257. Memorandum From the Executive Secretary of the National Security Council (Souers) to Director of Central Intelligence Hillenkoetter0


  • Psychological Operations


  • NSC 4–A
[Page 650]

At its fourth meeting the National Security Council amended and approved the draft directive to the Director of Central Intelligence contained inNSC 4–A.1

This directive, as approved by the National Security Council, is transmitted herewith for appropriate action.

Sidney W. Souers 2


National Security Council Directive to Director of Central Intelligence Hillenkoetter

The National Security Council, taking cognizance of the vicious psychological efforts of the USSR, its satellite countries and Communist groups to discredit and defeat the aims and activities of the United States and other Western powers, has determined that, in the interests of world peace and U.S. national security, the foreign information activities of the U.S. Government must be supplemented by covert psychological operations.
The similarity of operational methods involved in covert psychological and intelligence activities and the need to ensure their secrecy andobviate costly duplication renders the Central Intelligence Agency the logical agency to conduct such operations. Hence, under authority of Section 102(d)(5) of the National Security Act of 1947, the National Security Council directs the Director of Central Intelligence to initiate and conduct, within the limit of available funds, covert psychological operations designed to counteract Soviet and Soviet-inspired activities which [Page 651] constitute a threat to world peace and security or are designed to discredit and defeat the United States in its endeavors to promote world peace and security.
The Director of Central Intelligence is charged with ensuring that such psychological operations are consistent with U.S. foreign policy and overt foreign information activities, and that appropriate agencies of the U.S. Government, both at home and abroad (including diplomatic and military representatives in each area), are kept informed of such operations which will directly affect them.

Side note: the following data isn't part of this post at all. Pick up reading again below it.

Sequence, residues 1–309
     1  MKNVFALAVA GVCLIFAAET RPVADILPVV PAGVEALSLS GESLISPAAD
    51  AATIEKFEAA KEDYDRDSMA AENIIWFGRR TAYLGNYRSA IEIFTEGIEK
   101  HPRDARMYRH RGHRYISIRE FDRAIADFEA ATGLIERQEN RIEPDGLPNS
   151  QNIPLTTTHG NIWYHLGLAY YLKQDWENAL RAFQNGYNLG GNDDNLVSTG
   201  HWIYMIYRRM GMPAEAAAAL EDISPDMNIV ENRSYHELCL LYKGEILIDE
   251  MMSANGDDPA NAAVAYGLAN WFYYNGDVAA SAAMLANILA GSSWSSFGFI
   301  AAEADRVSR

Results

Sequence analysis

Nothing contained herein shall be construed to require the Central Intelligence Agency to disclose operational details concerning its secret techniques, sources or contacts.
  1. Source: National Archives and Records Administration, RG 273, Records of the National Security Council, NSC Minutes, 4th Meeting. Top Secret. Central Intelligence Agency records contain a typescript copy that apparently was made from a signed copy; it is identical to the source text. (Central Intelligence Agency Historical Files, HS/CSG–773, Job 83–00036, Box 5, Folder 8) Also reproduced in CIA Cold War Records: The CIA under Harry Truman, pp.173–175.
  2. The NSC minutes for the Council’s 4th meeting on December 17 refer only to NSC 4, noting simply that it was adopted without change and subsequently submitted to the President for approval. (National Archives and Records Administration, RG 273, Records of the National Security Council, NSC Minutes, 4th Meeting) There is no mention of NSC 4-A in the minutes. The amendment referred to in the undated directive to Hillenkoetter involved paragraph 3, where the proposal for an advisory panel was eliminated. See the enclosure to Document 253. Souers submitted NSC 4 to the President for approval under a memorandum of December 17. Truman approved NSC 4 on December 18. (National Archives and Records Administration, RG 273, Records of the National Security Council, NSC Minutes, 4th Meeting) The file contains no mention of the President’s approval of NSC 4-A.
  3. Printed from a copy that bears this typed signature.
  4. Top Secret.